Dublin-born, Byron Bay-based singer/songwriter Mick McHugh had a very good reason for moving to Australia a decade ago. His wife, Amanda, is Australian.
The couple, who met in 2002, have since had two children, one born in Ireland, the second Down Under.
McHugh has toured regularly since moving to Australia and has supported fellow countrymen Damien Dempsey, Mundy, Paddy Casey, Mick Flannery, John Spillane and many more.
Dempsey was so impressed he made a video in support of McHugh’s online pledge campaign to raise enough money to record his debut studio album later this year (he has previously released EPs and live albums).
“It’s humbling. It’s absolutely amazing,” McHugh says. “To be in a position to know these guys and have their support for what I’m doing musically is just unbelievable. To have acknowledgement from your peers is a special thing, but to get it from someone you like and admire, my gosh.”
McHugh’s fundraising site is unusual for such ventures in that the two lowest pledge figures don’t actually include the album – for $5 you will learn the secret to getting the cream to float on Irish coffee, and for $10 you get will a video call from Mick, singing happy birthday.
“It’s nice to have some fun things there, to have that option there so they can donate whatever they want,” he says.
If you have $500 to donate to the project Mick will play a private gig for you and your friends. There is a very simple reason McHugh is funding his album this way – he has paid his dues with constant touring.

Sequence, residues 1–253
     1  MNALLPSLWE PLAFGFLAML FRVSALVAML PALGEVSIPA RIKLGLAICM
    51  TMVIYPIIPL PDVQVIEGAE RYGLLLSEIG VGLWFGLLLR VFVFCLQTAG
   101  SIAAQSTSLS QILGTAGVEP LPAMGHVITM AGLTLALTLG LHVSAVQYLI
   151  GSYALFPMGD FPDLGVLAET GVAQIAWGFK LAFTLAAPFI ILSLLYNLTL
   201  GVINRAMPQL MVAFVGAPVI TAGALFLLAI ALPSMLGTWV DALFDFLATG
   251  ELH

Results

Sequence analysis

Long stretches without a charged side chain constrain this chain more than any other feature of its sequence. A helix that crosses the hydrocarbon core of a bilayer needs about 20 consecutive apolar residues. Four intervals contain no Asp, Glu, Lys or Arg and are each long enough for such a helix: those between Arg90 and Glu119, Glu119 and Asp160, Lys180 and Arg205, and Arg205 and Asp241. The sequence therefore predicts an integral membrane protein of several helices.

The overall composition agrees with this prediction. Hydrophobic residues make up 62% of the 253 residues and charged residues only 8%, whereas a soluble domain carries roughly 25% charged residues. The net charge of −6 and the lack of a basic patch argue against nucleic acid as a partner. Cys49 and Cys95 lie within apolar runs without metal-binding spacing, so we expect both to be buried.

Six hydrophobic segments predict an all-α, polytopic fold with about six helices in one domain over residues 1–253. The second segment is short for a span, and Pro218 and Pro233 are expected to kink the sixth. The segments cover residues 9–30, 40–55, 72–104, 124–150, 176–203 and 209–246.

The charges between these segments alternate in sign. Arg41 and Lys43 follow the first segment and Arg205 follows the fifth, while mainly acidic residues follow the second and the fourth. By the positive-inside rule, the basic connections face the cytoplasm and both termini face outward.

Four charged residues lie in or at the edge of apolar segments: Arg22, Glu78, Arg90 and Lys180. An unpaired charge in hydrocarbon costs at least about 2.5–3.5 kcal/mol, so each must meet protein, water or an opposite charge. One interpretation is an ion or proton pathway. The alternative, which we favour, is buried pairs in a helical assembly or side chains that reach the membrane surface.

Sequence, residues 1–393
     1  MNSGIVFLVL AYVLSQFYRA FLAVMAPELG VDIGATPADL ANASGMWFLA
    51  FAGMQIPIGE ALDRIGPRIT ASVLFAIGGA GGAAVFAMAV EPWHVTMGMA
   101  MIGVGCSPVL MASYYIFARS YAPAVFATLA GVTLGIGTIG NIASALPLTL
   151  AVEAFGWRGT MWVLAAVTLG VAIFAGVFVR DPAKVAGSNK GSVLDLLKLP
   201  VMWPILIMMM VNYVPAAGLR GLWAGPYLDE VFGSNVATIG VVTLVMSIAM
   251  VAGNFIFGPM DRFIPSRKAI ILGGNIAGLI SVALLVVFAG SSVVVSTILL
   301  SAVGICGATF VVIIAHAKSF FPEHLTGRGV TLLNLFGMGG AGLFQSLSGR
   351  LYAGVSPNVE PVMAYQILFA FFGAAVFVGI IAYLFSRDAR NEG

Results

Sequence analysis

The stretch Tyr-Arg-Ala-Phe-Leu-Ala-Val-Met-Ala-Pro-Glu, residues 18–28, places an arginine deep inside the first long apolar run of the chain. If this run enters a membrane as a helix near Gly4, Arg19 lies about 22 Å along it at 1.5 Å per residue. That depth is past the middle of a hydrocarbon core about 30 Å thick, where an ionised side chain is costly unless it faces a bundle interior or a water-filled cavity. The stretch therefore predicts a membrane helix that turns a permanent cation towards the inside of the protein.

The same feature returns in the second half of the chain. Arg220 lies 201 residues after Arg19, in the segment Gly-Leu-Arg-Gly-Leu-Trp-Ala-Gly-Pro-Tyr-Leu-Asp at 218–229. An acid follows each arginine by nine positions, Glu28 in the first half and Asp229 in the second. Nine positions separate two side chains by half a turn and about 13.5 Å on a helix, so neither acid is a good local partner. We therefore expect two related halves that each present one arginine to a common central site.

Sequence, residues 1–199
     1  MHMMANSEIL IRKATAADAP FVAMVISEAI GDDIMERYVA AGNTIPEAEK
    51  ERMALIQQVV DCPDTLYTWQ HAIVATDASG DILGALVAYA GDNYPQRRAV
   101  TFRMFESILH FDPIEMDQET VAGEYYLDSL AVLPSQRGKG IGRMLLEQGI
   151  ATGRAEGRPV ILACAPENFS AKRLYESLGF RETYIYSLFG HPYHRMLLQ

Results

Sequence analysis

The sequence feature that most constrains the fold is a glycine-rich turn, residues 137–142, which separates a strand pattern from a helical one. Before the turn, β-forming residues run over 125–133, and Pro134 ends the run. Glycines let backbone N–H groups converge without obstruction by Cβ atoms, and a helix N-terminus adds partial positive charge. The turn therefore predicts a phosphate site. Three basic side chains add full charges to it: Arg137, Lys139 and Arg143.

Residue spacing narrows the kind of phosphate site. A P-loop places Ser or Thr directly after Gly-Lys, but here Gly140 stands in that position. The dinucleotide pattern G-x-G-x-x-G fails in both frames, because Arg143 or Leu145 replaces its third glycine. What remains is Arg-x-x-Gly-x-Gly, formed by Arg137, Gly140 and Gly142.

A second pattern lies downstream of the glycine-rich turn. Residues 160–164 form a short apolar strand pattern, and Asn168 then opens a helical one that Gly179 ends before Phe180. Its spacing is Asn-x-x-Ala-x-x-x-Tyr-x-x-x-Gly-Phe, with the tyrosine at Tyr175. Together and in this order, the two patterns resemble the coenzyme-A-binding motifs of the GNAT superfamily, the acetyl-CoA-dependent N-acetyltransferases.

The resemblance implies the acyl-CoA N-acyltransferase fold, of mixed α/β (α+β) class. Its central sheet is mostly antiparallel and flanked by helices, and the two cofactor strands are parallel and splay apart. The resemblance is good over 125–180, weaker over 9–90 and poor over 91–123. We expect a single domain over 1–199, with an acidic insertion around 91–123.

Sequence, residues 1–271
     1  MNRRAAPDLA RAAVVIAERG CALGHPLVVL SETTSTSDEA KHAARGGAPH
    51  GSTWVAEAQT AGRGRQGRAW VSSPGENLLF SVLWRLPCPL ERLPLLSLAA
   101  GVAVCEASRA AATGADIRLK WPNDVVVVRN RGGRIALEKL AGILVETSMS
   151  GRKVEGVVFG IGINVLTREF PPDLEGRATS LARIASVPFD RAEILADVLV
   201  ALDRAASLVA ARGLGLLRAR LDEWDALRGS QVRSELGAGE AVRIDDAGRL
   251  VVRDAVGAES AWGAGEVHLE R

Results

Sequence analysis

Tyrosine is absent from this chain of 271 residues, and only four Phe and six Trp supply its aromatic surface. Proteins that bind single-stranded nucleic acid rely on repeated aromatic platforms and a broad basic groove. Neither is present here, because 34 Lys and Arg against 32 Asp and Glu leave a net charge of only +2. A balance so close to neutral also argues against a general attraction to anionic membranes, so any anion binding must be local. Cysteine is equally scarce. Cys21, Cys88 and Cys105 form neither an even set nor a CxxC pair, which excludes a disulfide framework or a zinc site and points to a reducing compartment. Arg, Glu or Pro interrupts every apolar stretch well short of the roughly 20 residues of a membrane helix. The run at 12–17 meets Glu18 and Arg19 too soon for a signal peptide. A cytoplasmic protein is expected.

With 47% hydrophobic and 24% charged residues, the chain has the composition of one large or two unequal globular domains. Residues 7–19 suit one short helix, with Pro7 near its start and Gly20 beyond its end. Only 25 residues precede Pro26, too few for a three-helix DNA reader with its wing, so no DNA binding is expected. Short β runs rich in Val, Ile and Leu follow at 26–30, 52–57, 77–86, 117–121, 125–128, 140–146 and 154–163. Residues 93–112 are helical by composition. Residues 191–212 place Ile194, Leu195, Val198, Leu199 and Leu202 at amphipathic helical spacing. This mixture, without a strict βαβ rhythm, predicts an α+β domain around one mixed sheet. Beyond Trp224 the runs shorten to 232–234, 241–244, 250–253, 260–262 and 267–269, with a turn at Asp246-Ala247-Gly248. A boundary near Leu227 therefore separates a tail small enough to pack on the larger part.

“People said to me that I’d put in the work over the years and that it’s time for it to come back to me. Put it out there and see what comes back,” he says.
Recording the album without using a record company also has a major future benefit.
“As an independent artist you can retain ownership. Basically, in music, whoever pays for the recording has ownership. It’s like the worst bank loan of your life,” he says.
“With a mortgage you pay off your mortgage and you own your house, but with a record deal they put the money in front of you and you pay it off, but they still own the recordings. Being independent allows you to license it. It puts you in a better position.”
McHugh’s target is to raise $19,000. “It costs about $1,000 a song to record it at the top level. I want to do this properly,” he says. The money raised will also go towards manufacturing the CDs, artwork, distribution and more. Proving blood is thicker than water, McHugh had some instant help when his fundraising started. “All the family were in there straight away, getting behind me,” he says. There are a lot of others helping out too, and McHugh is already more than one-third of the way to his target.
See pozible.com/mickmchugh to make a pledge.